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TURN Spycraft Handbook – Exfiltration Operation

When Ben Tallmadge learns that Captain Simcoe is plotting to exact revenge on his family and those close to them by executing them in Episode 110, “The Battle of Setauket,” he enlists the help of Caleb Brewster and several hundred Continental soldiers to execute a daring rescue operation. In spy circles, such a rescue is known as an exfiltration operation, a clandestine rescue operation to bring a refugee, operative or family member out of danger.

An exfiltration operation requires agents to go deep into areas under enemy control through stealth, deception, surprise, or clandestine means. This falls under the umbrella of what many would term “special operations” as a form of unconventional warfare. The element of surprise is key: Unorthodox tactics give the aggressors a distinct advantage which keeps the enemy on their toes.

Ian Fleming’s masterful book From Russia With Love is crafted with an exfiltration operation (James Bond finding and extracting Tatiana Romanova from the Soviet Union and moving her safely to Paris) at the center of its plot. It’s a complex web of action, lies, and shaken martinis that Sean Connery skillfully navigates in the film version of the book. During real life rescue operations, the espionage agents are often much less dashing and the road to a getaway is often much less smooth.

Perhaps the most famous exfiltration operation also made it onto the big screen. On November 4, 1979, militant Islamic students took over the US Embassy in Tehran, Iran, and took the 66 US personnel inside hostage. Six US State Department employees escaped capture and took refuge in the homes of Canadian Embassy officers. The “Canadian Six” became a rescue target for the U.S. Government, who tapped a small team CIA operatives with expertise in disguise and document falsification to get them out of Iran.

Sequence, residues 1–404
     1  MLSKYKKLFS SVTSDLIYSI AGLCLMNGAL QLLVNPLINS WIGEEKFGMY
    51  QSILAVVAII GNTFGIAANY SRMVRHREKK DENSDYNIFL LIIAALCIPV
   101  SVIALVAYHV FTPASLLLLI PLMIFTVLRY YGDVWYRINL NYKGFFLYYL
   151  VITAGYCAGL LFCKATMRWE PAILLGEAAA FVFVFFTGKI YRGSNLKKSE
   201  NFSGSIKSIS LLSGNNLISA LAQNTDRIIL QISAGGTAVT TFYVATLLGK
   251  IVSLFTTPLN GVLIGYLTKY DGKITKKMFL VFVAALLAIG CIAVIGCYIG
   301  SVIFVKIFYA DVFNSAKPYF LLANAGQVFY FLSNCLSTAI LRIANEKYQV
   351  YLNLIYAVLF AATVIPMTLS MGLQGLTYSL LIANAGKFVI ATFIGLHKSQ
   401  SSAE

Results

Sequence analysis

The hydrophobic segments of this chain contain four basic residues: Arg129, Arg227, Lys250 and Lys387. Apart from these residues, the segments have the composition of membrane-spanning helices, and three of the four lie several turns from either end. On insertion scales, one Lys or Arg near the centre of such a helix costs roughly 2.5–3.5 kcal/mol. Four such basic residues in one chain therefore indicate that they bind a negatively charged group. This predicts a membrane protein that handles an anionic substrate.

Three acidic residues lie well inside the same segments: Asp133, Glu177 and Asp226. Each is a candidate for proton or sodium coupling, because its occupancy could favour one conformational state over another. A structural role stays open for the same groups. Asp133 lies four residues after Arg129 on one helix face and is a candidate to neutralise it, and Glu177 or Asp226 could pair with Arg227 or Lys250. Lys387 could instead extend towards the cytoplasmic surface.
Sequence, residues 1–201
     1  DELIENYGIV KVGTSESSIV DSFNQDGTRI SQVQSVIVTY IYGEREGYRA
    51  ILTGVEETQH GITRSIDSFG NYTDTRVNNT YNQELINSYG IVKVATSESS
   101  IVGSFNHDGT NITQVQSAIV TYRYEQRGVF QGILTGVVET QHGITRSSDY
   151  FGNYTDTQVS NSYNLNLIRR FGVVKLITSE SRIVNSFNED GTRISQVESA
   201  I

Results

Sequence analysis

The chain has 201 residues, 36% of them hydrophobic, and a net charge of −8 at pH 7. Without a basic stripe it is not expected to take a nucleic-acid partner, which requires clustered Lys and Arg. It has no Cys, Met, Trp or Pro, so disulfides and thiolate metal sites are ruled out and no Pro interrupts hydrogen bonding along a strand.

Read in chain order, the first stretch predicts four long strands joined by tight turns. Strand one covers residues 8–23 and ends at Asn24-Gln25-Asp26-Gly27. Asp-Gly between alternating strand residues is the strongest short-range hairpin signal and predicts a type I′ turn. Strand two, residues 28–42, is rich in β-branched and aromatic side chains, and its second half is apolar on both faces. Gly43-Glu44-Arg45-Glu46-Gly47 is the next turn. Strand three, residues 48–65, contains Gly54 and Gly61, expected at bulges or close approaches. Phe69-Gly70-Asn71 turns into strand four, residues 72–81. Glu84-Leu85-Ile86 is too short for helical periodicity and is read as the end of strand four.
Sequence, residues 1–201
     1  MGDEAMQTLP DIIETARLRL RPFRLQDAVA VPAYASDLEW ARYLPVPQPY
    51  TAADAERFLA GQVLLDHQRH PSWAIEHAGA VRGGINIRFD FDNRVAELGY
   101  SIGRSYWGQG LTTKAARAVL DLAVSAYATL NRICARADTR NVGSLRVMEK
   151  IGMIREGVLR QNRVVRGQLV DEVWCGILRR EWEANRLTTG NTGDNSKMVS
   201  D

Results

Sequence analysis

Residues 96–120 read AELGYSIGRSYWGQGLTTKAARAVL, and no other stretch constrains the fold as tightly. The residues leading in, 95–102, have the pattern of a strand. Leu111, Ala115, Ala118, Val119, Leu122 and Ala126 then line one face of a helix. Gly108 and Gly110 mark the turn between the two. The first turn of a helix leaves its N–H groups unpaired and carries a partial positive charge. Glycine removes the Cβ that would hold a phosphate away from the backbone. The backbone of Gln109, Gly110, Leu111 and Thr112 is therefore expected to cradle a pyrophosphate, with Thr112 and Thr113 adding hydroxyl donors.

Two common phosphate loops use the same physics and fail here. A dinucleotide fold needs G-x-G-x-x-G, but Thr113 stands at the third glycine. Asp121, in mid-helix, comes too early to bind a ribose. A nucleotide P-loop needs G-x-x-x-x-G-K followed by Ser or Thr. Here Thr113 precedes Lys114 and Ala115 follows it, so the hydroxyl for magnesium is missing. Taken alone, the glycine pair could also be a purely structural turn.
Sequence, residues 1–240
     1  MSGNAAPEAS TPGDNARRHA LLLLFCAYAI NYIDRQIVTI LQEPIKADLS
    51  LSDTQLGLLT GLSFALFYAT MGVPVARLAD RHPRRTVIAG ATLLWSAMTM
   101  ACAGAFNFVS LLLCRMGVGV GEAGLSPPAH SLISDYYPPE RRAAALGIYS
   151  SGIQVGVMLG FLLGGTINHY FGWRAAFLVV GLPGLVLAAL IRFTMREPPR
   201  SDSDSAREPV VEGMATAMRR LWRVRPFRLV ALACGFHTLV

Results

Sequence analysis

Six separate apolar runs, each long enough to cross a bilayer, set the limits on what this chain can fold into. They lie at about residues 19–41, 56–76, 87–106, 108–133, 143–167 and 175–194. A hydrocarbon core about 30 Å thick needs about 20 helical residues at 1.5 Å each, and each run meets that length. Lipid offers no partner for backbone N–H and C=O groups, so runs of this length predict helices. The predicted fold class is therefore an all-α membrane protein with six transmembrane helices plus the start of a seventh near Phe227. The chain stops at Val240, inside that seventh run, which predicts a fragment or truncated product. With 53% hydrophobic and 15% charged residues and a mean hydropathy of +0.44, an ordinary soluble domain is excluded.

The exfiltration of the six American hostages was fraught with difficult obstacles. Iran’s tight immigration exit controls, the lack of intelligence backgrounds of the targets, the potential risk of failure by the U.S. and Canadian governments, and the possible loss of freedom and life made the operation a high wire act. In the face of tremendous odds, the CIA came up with one of the most audacious cover stories in espionage history: Using the fake company “Studio Six Productions” tasked with location scouting for its new production “Argo,” the CIA was able to create the cover and documentation necessary to make a harrowing escape out of the country with all the hostages safe and sound. An Oscar-winning film was born.

Clandestine human intelligence operations are intricate campaigns that require surgical precision. One false move and the thin web of lies and deceptions can fall apart. The stakes: Life and death. In the midst of this emotionally volatile and physically dangerous powder keg, an agent must use concealment, cover stories, and even outlandish means to secure the operatives.

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